Chopper pilot and dangerous animal expert Matt Wright has spent his life in the great outdoors drawn to creatures that most of us would run away from. As a child he was raised in the wilds of Papua New Guinea and the Australian outback, where living off the land and being comfortable with animals such as deadly snakes, spiders, stampeding cattle and even sharks was simply a way of life. By the age of ten Matt had a collection of some of Australia’s most lethal animals – including three deadly King Brown snakes – living in his bedroom and was frequently in trouble at home and at school for eagerly sharing his ‘pets’ with his class mates and family.
As an adult his career path has seen him tackle a range of jobs that require both nerves of steel and a practical can-do attitude. He has spent time as an outback musterer (horse wrangler), oil rig worker, soldier in the Australian Army, crocodile egg collector and more recently a professional chopper pilot and instructor. Today, Matt’s passions and unique skill set have turned into a career as a wildlife re-locator; tracking down, capturing and transporting a diverse range of dangerous animals including crocodiles, wild buffalo and even Polar Bears. His objective is based on the preservation of wildlife: to remove and relocate problem animals rather than kill.Working in a specific junction between the world of the wild and the world of humans, Matt’s moto is: any animal, anywhere, any time and he has plied his unique trade all over Australia as well as North America. As a chopper pilot Matt is able to access areas that would otherwise be impossible to reach; as a conservationist he brings a unique practical skills set and a perspective based on hands-on experience and a genuine compassion.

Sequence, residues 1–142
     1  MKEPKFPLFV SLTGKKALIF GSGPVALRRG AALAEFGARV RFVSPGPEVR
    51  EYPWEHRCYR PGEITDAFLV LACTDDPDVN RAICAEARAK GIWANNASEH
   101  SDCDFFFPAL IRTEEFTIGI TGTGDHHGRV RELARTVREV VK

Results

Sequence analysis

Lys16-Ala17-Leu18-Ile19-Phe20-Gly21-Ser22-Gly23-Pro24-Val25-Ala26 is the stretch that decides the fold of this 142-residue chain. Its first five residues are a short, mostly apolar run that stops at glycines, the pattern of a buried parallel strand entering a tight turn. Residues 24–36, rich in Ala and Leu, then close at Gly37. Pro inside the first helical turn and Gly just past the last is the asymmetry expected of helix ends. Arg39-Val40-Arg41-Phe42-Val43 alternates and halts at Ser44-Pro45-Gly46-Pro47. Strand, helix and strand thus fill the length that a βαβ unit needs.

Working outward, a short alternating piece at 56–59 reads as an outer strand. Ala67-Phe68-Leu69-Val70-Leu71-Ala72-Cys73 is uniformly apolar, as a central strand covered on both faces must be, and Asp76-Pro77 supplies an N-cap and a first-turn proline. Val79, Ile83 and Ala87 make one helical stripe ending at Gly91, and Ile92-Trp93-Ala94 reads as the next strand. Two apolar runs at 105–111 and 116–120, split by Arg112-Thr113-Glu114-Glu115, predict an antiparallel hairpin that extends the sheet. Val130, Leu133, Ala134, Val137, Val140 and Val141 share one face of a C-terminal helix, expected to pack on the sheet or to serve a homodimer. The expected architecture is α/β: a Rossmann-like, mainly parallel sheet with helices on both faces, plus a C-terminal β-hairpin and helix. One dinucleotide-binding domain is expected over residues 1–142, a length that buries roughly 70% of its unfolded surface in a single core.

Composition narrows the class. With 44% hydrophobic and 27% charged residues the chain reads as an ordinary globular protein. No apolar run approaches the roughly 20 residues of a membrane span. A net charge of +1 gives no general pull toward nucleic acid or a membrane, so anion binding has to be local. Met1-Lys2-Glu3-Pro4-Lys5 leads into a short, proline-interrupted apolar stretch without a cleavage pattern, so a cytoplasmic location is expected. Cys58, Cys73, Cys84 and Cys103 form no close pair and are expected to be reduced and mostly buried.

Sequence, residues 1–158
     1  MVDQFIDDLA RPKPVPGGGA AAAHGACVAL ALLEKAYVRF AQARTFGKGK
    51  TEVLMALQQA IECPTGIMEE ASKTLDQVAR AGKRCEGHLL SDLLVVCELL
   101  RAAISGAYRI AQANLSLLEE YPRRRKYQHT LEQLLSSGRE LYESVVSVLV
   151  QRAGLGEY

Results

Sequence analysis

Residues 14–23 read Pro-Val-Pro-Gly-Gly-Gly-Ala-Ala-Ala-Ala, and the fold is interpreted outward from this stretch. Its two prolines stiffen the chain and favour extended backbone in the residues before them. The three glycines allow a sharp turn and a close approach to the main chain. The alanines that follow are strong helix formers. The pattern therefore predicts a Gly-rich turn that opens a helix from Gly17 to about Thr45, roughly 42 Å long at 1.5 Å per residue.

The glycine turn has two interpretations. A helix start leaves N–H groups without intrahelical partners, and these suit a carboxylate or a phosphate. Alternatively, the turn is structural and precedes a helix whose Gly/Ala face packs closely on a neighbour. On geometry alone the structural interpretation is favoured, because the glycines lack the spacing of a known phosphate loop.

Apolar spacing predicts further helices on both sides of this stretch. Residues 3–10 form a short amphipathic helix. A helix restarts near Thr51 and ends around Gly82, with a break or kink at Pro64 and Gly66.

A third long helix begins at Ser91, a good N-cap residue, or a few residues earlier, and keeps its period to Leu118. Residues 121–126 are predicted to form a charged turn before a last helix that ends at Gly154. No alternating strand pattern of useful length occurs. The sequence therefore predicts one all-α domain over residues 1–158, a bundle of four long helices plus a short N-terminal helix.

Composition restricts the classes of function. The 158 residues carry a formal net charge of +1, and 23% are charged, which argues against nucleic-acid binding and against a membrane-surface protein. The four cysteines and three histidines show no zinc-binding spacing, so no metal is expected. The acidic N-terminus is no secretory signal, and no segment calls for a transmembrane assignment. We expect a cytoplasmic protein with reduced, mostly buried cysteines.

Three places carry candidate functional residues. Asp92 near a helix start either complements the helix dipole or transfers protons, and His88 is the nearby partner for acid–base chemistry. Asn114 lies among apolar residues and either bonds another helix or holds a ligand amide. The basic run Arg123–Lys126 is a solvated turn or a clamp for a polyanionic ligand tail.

Matt works closely with scientists, wildlife management authorities, indigenous elders (traditional land owners) and cattle station owners to ensure a win/win situation for both the animals at hand as well as the humans that need his help. Matthew Wright’s first series aired globally on Nat Geo WILD at the end of 2011 and start of 2012 and is now in development of his second series.